I’m just nearing the end of writing an article about a superb new British movie which tackles islamophobia. The film is called Freesia (you can watch the trailer here if you’re interested) and I’ve been privileged to see the whole thing. Despite the understated, non-melodramatic and sensitive handling from the director, Conor Ibrahiem, the film reduced me to tears and deciding to write a series of articles about it for publications around the world has not been a chore.
Except that it has.
I don’t think it is possible to have been more devoted to a subject – harmony between different cultural groups and the eradication of prejudice of any form is something close to my heart as it is – and yet it took me days after interviewing Conor to start writing in earnest. Sure I was busy. Sure I had lots of things I had to do first. But they weren’t the real reasons the page stayed mostly blank on my laptop for days. It was something else I know well – I just didn’t want to start!
This is a writer problem I know I’m not alone with. I’ve been trying to write a book with a very good friend of mine for about two years. In truth, she’s probably a better writer than I and I’m excited about what could come out from this but we’ve tussled with finding time, not fighting each other (we’re poles apart in character) and motivating ourselves to get beyond the planning stage. Recently we’ve kickstarted the writing process again and been doing some shorter stuff together. What I found interesting (and why I’m telling you all this) is her observations that it felt ‘a drag’ to get started but that once she made herself begin the writing flowed and she enjoyed it. Just as well – she writes brilliantly.
I know just what she means though – the ‘drag’. Every new project. Every new article, book chapter, story or even blog post – I find myself starting with my head in my hands thinking “why did I ever think I could be a writer? I’m never going to be able to write this.”
And then, eventually (and often because deadlines are looming) I make myself write and, like a steam train pulling off from cold, I make a lot of noise and slowly gather momentum until eventually I’m making good speed.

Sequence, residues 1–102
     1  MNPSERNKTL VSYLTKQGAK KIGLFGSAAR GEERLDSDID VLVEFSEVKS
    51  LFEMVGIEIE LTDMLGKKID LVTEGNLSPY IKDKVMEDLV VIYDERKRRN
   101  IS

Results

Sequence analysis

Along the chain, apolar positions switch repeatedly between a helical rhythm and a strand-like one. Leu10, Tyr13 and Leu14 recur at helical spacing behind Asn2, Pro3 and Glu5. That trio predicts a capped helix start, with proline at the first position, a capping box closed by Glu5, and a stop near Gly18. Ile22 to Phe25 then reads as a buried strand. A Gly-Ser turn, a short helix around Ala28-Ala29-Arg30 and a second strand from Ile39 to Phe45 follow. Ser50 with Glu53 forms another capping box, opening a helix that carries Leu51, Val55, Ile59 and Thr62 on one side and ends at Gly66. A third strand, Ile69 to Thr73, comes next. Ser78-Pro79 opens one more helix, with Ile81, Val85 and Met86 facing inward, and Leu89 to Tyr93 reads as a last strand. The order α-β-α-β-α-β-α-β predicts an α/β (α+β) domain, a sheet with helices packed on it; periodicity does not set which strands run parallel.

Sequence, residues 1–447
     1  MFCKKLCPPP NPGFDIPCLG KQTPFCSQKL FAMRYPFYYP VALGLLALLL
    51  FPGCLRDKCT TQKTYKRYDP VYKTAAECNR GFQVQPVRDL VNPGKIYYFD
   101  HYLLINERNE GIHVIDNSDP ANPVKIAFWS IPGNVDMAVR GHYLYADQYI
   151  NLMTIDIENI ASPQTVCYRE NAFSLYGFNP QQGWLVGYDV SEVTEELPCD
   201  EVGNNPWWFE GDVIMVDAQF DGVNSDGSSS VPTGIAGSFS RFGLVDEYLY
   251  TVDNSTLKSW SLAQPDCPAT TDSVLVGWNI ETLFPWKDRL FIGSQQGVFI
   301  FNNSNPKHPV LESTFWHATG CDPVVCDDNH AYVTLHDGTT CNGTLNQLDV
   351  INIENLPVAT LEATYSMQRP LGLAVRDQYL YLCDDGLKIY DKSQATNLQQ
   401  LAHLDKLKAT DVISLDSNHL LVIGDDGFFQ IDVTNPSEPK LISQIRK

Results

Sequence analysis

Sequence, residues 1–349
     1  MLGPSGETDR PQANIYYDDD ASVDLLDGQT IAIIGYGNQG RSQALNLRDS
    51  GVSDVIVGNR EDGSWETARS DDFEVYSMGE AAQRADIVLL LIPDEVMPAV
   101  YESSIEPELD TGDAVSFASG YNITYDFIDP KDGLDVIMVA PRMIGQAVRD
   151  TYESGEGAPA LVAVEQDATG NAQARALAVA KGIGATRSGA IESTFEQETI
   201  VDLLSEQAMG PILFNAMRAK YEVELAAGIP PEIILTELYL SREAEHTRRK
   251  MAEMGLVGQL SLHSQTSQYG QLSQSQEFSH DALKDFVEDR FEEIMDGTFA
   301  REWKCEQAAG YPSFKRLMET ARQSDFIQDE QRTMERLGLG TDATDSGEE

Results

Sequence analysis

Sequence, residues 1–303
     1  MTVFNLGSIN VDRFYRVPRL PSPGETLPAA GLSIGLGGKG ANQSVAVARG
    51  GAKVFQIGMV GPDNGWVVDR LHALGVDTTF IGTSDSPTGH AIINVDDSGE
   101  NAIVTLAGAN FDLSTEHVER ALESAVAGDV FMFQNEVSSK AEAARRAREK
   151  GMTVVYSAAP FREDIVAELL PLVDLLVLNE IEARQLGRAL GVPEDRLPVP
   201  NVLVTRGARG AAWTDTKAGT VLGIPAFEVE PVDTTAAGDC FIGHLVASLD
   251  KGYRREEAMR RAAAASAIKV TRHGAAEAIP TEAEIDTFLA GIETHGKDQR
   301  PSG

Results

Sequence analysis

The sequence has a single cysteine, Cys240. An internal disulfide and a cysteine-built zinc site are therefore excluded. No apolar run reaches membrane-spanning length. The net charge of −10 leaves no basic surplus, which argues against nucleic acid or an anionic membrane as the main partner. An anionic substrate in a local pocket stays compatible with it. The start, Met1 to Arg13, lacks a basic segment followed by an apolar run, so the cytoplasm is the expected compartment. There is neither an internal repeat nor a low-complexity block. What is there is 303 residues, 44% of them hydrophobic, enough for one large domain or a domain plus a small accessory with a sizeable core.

But that brings us to the second half of the problem. Once I start, I rarely want to stop.
In fact, I’m writing this now simply to put off finishing this article on Freesia. I don’t want it to end. I’ve enjoyed typing up my notes, getting into the meat of the film, the issues it raises, British Asian movies in general and delving into the social issues affecting the UK today. I could keep going all day. I’ve done this many times before too. It would seem, there’s simply no pleasing me. Maybe that’s why my friend and I have never come close to finishing our book together? When we do, what will we do without that project which has been there with us for so long?
Last year, I wrote a course on Psychology for an educational company in the UK. I love the subject and know a lot about it, yet it was a struggle to get everything written. This was partly because I was very busy with writing projects for other clients but also because I enjoyed taking my time far too much with the material. In truth, I was sad when I finally sent off the last unit – though a good friend of mine, who coaxed me every single day for weeks to get the thing done, was not! To say I taxed her is an understatement. Hairs, I believe, turned grey. You can imagine her exasperation when I told her recently I’ve begun writing a new course for the same company just this week…
I do wonder how other writers do it. I still have the luxury of being able to take a whole day to write a 1500-word article if I so choose but some writers I know who work for several newspapers and other publications have to churn out several pieces per day (I write between one and three each day depending on my mood and how many have clumped together with deadlines because of my procrastinating). How do they do it? I’m certainly glad the newspaper I write for is a monthly. I’m not sure I could make myself write something every day or even every week for it. And if I did I’m not sure the editor would print any of the twaddle I would spill out!
Well anyway, I suppose I’d better get back to finishing this article then? I only have one paragraph to write then the first draft is done.
But then the editing and redrafting begins. Oh my goodness…now that’s another writer problem to save for another day…